The new OOH front: Dynamic, interactive and immediate

Beacons rolling out across Canada are the latest sign that out-of-home advertising is upping targetability and real-time relevance.
Drixoral took advantage of digital billboard capabilities to display real-time, traffic-related messages linking road congestion with nasal congestion. An in-depth analysis of traffic patterns of Toronto, Vancouver and Montreal allowed Astral to pinpoint the most relevant locations for the messages.

Drixoral took advantage of digital billboard capabilities to display real-time, traffic-related messages linking road congestion with nasal congestion. An in-depth analysis of traffic patterns of Toronto, Vancouver and Montreal allowed Astral to pinpoint the most relevant locations for the messages.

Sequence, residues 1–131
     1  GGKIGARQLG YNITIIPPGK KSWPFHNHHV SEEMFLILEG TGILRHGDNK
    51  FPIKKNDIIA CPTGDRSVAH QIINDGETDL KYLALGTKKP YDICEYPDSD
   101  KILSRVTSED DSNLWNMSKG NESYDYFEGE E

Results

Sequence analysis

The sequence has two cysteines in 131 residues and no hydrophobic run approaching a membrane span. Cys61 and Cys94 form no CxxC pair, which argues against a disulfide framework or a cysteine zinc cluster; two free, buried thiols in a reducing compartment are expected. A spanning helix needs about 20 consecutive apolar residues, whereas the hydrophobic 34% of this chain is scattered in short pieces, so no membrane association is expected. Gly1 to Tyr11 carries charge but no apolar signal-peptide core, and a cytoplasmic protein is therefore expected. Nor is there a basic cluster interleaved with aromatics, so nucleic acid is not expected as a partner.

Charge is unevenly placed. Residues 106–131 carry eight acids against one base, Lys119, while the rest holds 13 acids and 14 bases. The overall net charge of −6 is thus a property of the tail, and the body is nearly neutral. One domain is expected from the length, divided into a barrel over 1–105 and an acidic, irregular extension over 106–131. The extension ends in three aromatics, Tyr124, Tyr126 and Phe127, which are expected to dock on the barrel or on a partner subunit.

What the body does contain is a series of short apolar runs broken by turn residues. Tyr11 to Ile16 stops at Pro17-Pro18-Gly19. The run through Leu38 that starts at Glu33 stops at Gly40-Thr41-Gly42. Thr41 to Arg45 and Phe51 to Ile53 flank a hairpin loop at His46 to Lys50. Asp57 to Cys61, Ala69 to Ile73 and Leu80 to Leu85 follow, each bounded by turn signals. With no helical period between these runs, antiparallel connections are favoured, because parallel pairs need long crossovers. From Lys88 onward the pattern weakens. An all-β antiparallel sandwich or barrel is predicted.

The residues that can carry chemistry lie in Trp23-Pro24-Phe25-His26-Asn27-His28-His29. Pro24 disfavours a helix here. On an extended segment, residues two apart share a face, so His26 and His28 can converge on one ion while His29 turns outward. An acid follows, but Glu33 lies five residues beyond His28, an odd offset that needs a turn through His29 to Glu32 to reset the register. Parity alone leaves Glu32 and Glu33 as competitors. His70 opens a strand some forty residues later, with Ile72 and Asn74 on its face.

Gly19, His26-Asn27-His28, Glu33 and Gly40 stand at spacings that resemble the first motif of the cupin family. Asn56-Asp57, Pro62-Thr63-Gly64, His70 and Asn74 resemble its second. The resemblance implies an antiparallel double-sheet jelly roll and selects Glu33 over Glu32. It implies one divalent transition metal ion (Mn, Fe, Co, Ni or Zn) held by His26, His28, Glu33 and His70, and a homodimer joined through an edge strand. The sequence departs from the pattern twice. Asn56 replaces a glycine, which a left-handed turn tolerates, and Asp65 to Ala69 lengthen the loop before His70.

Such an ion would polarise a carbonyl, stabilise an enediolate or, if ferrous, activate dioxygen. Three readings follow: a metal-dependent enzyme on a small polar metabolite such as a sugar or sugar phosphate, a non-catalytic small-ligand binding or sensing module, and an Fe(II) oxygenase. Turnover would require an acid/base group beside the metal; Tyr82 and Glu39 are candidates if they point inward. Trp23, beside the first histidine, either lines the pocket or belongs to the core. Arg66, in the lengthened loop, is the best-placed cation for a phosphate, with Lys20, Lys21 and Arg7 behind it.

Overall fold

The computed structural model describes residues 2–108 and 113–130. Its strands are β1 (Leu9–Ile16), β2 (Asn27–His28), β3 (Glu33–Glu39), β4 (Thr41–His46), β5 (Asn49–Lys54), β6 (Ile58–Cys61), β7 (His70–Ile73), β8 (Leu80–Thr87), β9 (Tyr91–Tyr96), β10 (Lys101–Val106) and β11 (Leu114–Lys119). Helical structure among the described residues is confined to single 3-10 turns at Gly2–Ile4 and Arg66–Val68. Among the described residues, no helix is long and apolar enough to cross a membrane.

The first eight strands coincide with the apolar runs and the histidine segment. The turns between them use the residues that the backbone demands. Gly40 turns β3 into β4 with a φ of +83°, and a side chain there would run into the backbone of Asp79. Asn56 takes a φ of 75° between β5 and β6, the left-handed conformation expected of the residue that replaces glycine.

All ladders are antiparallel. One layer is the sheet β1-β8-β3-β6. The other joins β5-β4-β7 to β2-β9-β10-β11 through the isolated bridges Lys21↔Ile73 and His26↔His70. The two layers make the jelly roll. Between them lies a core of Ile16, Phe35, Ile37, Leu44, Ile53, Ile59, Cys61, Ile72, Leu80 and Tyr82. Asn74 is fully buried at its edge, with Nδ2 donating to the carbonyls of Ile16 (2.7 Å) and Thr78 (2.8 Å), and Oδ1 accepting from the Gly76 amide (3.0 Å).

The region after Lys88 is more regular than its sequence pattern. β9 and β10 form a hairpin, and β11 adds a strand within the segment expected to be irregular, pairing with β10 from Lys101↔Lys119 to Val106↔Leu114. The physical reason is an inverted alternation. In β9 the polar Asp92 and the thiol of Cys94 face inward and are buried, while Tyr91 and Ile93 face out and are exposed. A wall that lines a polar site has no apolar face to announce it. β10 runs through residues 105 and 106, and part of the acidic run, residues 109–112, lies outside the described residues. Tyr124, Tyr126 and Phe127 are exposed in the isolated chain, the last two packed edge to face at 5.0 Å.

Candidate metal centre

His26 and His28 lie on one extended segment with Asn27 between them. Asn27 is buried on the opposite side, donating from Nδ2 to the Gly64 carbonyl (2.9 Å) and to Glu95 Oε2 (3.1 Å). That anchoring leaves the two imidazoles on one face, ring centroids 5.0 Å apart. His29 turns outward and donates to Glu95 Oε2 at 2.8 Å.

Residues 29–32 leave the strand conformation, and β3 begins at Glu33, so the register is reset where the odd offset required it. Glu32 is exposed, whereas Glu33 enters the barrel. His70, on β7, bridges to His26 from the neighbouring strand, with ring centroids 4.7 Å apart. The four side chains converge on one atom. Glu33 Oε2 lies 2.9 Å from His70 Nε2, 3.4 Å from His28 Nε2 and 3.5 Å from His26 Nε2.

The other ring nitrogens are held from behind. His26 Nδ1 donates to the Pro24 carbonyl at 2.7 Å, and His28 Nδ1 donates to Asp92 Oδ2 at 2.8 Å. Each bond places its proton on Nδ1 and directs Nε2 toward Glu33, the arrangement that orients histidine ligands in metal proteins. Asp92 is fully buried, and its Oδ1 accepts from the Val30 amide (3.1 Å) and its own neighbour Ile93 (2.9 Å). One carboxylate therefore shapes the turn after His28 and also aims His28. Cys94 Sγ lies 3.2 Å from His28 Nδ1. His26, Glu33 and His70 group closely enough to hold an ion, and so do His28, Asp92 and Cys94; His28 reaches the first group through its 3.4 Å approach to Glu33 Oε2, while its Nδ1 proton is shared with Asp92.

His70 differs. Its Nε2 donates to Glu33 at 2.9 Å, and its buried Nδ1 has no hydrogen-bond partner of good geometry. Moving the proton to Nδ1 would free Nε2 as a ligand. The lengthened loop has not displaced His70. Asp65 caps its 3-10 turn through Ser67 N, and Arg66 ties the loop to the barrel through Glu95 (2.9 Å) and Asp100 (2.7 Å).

Out-of-home advertising today is definitely not what it used to be. Any past objections that advertisers might have had about long production lead times or OOH’s ability to engage consumers can now be put to rest. Digital technology and industry innovation have transformed OOH into a responsive and interactive medium – without the ad-skipping perils of PVR.

Jordana Fatsis, VP of sales for Astral Out-of-Home, a division of Bell Media, says the industry has experienced a great deal of growth over the past 10 years, much of the recent change triggered by digital technology. “Out-of-home advertising is becoming more present and in the moment and I think that’s where OOH is going as far as the next new things. It’s becoming increasingly less static and much more engagement-focused – in real time.”